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Florida Democrats Spark Controversy by Canceling Presidential Primary

The decision made by Florida Democrats to cancel the state’s presidential primary has caused outrage among the campaign of Dean Phillips. The Phillips campaign argues that the party’s actions were a result of a flawed process for determining who makes the primary ballot.

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According to state law, it is up to the parties to decide which candidates are included on the ballot for the primary. The deadline for parties to submit their approved candidate list to state election officials is Thursday.

However, Florida Democrats sent a notice to the state on November 1, only including Joe Biden as the approved candidate, effectively canceling the primary since only one candidate was on the ballot.

Phillips entered the race a few days prior to the notice, and Marianne Williamson had been campaigning for months already. Phillips called the handling of the situation by Florida Democrats a “blatant act of electoral corruption” and demanded Biden address the issue.

The Florida Democratic Party Chair, Nikki Fried, defended the party’s actions, stating that they followed their standard process outlined on their website. Fried criticized Phillips’ comments, claiming they were “conspiratorial and inappropriate” and that comparing the state of Florida to the Iranian regime was unjustified.

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Florida Democrats cited their delegate selection plan as the basis for their decision, although it does not specifically outline the deadline for candidates to request placement on the primary ballot.

The initial version of the plan mentioned preparing and approving a list of “recognized” candidates, while a revised version submitted on November 1 stated that the list would be approved at the state party convention.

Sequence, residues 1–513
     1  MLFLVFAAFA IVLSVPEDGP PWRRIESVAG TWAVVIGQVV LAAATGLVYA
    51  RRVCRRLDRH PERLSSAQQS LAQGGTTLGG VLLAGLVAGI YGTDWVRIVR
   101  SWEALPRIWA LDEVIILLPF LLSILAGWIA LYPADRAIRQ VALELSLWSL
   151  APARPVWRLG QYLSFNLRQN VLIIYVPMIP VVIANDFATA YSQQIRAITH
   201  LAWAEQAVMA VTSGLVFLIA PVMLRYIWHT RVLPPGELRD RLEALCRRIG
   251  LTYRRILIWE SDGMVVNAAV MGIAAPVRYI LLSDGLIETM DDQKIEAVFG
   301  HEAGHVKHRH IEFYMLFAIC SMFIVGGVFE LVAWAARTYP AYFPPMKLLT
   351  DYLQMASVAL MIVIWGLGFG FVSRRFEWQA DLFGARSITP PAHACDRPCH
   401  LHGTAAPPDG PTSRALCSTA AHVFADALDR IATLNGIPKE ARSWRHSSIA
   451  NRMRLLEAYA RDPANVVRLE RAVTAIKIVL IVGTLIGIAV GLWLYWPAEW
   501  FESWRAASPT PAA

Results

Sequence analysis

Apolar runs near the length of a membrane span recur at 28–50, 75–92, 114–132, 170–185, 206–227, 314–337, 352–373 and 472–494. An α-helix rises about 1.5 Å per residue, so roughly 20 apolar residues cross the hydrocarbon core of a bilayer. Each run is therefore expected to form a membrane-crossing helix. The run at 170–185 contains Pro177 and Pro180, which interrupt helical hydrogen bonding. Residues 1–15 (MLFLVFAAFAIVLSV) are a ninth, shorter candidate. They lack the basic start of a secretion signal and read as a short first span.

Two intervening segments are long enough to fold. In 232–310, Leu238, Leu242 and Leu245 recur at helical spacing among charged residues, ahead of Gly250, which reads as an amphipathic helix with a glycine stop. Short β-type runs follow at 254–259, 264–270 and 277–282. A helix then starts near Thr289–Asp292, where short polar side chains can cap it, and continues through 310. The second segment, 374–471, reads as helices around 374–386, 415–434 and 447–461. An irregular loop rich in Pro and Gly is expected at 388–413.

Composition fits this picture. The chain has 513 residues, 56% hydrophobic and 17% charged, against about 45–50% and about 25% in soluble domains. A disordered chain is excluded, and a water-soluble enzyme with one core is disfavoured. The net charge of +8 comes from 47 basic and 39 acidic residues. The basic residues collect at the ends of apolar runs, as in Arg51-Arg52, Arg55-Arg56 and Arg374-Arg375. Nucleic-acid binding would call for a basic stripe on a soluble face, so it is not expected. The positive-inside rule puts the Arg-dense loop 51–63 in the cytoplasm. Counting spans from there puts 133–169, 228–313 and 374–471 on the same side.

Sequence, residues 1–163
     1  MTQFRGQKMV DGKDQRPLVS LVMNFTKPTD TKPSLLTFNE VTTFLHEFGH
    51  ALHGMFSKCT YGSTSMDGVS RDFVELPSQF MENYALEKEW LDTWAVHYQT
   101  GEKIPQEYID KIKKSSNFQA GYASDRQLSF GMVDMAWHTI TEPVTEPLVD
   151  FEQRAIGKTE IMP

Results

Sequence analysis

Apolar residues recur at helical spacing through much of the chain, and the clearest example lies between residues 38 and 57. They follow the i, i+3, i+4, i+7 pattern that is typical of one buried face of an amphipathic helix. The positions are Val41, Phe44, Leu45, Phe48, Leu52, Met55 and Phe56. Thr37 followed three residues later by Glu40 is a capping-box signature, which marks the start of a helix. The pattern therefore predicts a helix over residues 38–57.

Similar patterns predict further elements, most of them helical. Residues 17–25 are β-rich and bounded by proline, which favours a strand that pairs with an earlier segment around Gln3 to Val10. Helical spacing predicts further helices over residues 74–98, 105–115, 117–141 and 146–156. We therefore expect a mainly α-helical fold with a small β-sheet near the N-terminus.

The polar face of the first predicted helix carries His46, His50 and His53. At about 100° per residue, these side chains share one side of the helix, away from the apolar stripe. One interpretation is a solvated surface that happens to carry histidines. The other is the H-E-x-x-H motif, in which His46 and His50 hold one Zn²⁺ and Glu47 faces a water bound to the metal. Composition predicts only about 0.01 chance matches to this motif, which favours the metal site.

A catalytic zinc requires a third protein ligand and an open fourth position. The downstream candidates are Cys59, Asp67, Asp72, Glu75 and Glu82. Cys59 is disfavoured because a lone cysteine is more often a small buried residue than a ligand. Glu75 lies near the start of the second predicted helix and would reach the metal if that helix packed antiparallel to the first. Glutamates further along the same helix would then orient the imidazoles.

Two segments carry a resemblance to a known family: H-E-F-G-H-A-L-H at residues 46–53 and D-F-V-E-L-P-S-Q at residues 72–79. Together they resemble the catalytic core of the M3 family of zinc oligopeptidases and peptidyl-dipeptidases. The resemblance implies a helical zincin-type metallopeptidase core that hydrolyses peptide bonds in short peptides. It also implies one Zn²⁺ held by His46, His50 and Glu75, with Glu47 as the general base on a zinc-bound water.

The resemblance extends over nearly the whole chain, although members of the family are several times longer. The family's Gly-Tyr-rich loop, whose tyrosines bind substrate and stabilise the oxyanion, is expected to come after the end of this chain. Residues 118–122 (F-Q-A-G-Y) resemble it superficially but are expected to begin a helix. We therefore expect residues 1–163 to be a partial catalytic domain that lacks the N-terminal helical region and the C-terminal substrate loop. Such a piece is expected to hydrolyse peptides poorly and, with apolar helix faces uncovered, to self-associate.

The convention started on October 27, the same day Phillips launched his campaign, and ended on October 29 when Biden was approved as the sole candidate.

Conflict arises over the timeline of communication between Phillips’ campaign and the Florida Democratic Party. Phillips’ campaign claims to have sent two letters on November 7 to the party providing staff contact information and emphasizing their commitment to participation in the delegate selection process.

However, the party spokesperson, Eden Giagnorio, claims Phillips’ campaign did not reach out until November 22, which was not enough time to convene the state executive committee to address the issue.

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Giagnorio also stated that there is no requirement for presidential candidates to take any action to get on the ballot. She confirmed that there are no plans to add more names to the approved candidate list by the deadline.

In addition to considering a lawsuit against the Florida Democratic Party, Phillips’ campaign plans to take the matter to the Democratic National Committee (DNC). They argue that Florida Democrats’ actions violate the national party’s rules for delegate allocation.

A spokesperson for the DNC offered guidance to the campaign on state party processes, but Phillips’ team did not take up the offer. They plan to contest the credentials of each delegate from Florida at the convention if their concerns are not addressed.

Phillips’ strategy of challenging the primary process is reminiscent of previous insurgent candidates like Bernie Sanders, who claimed the 2016 primary was rigged against him. Some Democrats believe these accusations harmed the party’s nominee in the general election. Phillips recently apologized to Sanders on social media, acknowledging that he was right about the rigged primary system.

Credit: DepositPhotos

Jeff Weaver, a senior adviser to Phillips and former manager of Sanders’ 2016 campaign, criticized the Florida Democratic Party’s actions, comparing it to the politics of communist countries.

Weaver expressed concerns about the erosion of confidence in the democratic process and questioned whether the party wants the legitimacy of their nominee to be questioned.

The process for candidates to get on the presidential primary ballot varies by state. In some states, candidates must gather voter signatures and pay a filing fee to the government. Other states automatically include active candidates on the ballot, while some delegate the process to state parties.

Florida’s decision to cancel the presidential primary contrasts with the neighboring state of Georgia, which included three names on its primary ballot after an open process that considered all candidates who submitted a written request.

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Malik is a skilled writer with a passion for news and current events. With their keen eye for detail, they provide insightful perspectives on the latest happenings. Stay informed and engaged!